Today’s post is by linguist and Account Manager Heather Scott, whose studied languages include French, Japanese, German, Chinese…and British English (from her husband and his mates).
As the SEM global market continues to expand, we are more often in need of ad copy in languages we may or may not understand. As everyone knows, it’s always best to have native translators, but even with the help of native speakers, there are some things to keep in mind that can ease the translation process and help improve performance in your international campaigns.
Not all Native Speakers Speak the Same
Language is constantly changing. Region of origin, age, and familiarity with a product all influence the translation of an ad. As marketers, it is best to try out multiple translators before settling on your go-to person. As translators, be sure to research what it is you’re advertising and use up-to-date language. Check out the client’s and competitor’s websites and read through blogs and reviews of products. Also, don’t be afraid to use English in the ad text if it’s in use by your target audience-after all, English is often considered hip!
Cater Your Message to Your Target Audience
Just as languages are different, so are cultures. This means that not everything that proves successful in one language will be equally so in another. Therefore, it is important to research what your target audience finds important. Should you appeal to vanity, play on fear? Some of this may have to be determined by ad testing, but there are also existing studies showing how cultural symbols can be reinterpreted cross-cultures (I recently read a white paper, for example, showing how a Tommy Hilfiger advertising campaign could be altered to have the same impact in the Chinese market).
In addition to outside market research, conduct a search in the target country’s browser for your keywords to see what type of ads pop up; this will show you the approach your competitors are taking. Keep in mind, however, that not all competitors will have found the best approach, so you should again plan on ad testing to see what brings in the best results. And just like in your national campaigns, test your own offers against each other: Is free shipping more effective than “$20 Off,” for example?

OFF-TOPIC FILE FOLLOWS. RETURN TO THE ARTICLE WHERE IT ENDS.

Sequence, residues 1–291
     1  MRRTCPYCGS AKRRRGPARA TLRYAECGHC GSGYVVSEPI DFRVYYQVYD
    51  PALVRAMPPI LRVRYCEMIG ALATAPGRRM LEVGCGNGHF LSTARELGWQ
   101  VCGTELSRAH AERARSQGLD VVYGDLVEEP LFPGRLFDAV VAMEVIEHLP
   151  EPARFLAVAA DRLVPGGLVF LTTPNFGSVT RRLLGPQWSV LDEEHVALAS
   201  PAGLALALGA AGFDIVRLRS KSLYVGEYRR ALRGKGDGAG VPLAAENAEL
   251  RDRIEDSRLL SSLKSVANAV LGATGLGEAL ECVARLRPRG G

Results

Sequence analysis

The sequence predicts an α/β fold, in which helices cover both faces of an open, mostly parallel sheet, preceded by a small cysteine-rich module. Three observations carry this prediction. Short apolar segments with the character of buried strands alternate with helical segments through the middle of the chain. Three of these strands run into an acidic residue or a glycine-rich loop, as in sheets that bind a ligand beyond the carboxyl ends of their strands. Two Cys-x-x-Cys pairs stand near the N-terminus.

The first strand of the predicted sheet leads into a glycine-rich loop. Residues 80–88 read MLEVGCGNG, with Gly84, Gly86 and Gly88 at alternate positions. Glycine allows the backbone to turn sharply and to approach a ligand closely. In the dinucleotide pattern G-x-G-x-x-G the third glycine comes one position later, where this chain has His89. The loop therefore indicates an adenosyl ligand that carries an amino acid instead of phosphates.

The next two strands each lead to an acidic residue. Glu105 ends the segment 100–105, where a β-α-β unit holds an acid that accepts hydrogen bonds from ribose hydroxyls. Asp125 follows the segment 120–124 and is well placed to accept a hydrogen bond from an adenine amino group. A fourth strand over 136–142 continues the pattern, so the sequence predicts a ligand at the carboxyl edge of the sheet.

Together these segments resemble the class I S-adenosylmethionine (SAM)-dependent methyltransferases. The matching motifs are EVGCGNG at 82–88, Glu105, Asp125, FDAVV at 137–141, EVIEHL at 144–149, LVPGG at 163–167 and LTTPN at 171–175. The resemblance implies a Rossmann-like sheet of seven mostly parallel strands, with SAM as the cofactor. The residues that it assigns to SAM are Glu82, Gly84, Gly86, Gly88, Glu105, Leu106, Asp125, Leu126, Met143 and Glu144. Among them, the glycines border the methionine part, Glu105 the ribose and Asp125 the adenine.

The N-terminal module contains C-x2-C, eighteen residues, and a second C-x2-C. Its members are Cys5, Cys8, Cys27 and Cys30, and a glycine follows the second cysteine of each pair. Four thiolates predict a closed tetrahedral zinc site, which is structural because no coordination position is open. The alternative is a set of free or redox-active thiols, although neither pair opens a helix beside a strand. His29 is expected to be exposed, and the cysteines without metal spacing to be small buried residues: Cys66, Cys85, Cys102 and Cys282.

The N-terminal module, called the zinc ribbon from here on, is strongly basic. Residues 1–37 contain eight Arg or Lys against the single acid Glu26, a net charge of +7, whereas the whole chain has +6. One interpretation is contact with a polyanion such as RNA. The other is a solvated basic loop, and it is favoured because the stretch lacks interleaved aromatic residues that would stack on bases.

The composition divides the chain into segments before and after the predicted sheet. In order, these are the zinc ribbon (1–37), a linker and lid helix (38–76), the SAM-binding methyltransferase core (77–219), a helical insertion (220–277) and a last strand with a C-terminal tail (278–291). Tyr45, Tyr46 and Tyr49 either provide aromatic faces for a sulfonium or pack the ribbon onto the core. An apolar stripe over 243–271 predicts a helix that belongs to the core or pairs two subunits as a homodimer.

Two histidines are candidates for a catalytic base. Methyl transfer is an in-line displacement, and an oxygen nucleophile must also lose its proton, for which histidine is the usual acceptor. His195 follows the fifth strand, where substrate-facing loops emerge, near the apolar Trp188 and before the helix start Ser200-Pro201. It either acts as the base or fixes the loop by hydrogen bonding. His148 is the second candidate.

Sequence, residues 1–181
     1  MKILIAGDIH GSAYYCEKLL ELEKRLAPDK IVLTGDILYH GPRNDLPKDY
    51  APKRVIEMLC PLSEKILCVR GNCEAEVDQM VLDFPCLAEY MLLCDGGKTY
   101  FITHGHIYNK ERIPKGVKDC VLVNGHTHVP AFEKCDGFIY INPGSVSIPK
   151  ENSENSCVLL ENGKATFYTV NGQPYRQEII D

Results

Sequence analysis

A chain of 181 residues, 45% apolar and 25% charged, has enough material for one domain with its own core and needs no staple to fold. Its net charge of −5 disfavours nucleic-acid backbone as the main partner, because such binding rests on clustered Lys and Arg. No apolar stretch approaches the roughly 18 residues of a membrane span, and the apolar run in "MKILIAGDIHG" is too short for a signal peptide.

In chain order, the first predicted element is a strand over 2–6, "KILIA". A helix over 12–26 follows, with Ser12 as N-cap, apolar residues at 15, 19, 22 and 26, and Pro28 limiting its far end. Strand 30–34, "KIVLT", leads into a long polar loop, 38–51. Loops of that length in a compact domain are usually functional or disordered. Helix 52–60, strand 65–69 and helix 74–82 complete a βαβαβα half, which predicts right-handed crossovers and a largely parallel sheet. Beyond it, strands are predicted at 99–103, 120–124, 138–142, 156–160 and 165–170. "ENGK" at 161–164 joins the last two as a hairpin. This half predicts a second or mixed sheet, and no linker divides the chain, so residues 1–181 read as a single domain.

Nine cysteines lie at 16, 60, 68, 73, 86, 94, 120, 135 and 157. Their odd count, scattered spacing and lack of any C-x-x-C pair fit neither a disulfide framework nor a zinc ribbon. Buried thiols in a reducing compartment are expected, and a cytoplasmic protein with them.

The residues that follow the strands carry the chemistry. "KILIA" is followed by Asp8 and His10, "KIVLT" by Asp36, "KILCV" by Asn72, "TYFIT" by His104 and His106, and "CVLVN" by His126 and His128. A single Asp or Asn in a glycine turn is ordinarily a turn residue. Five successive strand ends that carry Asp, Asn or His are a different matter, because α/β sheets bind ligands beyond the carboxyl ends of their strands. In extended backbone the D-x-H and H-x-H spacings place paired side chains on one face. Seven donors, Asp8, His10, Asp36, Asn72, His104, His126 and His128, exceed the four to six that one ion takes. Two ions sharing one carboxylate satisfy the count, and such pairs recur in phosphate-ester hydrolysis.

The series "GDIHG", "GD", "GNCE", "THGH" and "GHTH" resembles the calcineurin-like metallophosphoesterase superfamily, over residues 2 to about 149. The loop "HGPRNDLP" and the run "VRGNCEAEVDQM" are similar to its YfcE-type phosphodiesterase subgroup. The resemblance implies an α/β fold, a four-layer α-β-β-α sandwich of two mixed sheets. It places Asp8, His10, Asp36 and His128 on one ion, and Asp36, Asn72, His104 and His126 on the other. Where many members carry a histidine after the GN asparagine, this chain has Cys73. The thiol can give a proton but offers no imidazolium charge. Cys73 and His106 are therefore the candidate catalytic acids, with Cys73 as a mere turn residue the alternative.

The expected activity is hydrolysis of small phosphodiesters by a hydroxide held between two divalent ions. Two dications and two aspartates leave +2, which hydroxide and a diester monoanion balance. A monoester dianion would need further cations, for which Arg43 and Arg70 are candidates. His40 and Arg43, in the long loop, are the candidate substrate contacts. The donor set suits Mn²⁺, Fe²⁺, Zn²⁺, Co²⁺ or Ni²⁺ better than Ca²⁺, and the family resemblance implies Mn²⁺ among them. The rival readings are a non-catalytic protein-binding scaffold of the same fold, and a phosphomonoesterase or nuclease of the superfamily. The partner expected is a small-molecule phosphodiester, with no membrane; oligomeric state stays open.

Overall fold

Pitfalls for Multiple Language Translations
If rolling out ad copy in several languages, avoid use of idiomatic phrases as the message may be lost in translation
Be aware that your English ad copy may not meet character restrictions once translated, so let your translators know in advance what can be omitted from the ad if this is the case. Also, as different languages/Search Engines may have different character restrictions, be sure to notify your translators of the character limitations for their ads.
As a side note, keep in mind that in Google (and potentially other Search Engines), when using languages with double-width characters like Chinese, spaces, punctuation, or any non-double width character only count as 1 character as opposed to 2. This definitely complicates the checking of ad text length; Excel is no longer quite as handy!
Also note that your approach/rules for English ads won’t necessarily apply in other languages. Clients (and users) may have different expectations for capitalization, potential elimination of prepositions or determiners, and even for whether it works for description line 1 to run into description line 2. It seems that some of these are issues that continue to be under discussion for English ads as well, however, so for languages where it is unclear what rules apply, you can either simply adhere to what feels best for your client or ask to test the possibilities against one another (Example: Title case vs. Sentence case).
Furthermore, if you are planning to do any keyword customization in your ads once you have your translations, be sure you know the order of nouns/adjectives and any other modifications that should be made (adjective changes for gender or word case, for example). Sites like http://www.Linguee.com (covering French, German, Portuguese, and Spanish) are useful to see how a term or phrase is used online, and www.wordreference.com has online dictionaries and forums where you can get feedback from other members on potential translations.
Watch for Trademarked Product Terms
As translators are not necessarily SEM experts, be sure that they are aware of what terms are trademarked brand terms and should not be translated. If you are unsure whether the branded term has been trademarked in a translated version (example, 可口可乐 for Coca-Cola), pay a visit to your client’s website in the targeted domain to find the product advertised.
Slogans don’t always work in translation, so if you’re using your client’s slogan in your ad, be sure that you check its meaning with your translator (See Oddee for some awkward brand and slogan translations).
Similarly, be aware that using your branded product name in word plays within your ad text may not have the same effect if the branded term has not been translated in your target language. For example, if you have a lotion named Sunshine, the ad text “Be a Ray of Sunshine Today” may not necessarily have the same impact once translated into the target language if the user does not know the meaning of the English word “sunshine.”
Translating ads is clearly a lot more complex than plugging your ad into Google Translate or even getting a native speaker to provide a literal translation. Hopefully these tips will ease the translation process and improve performance in your international campaigns.
- Heather Scott, Account Manager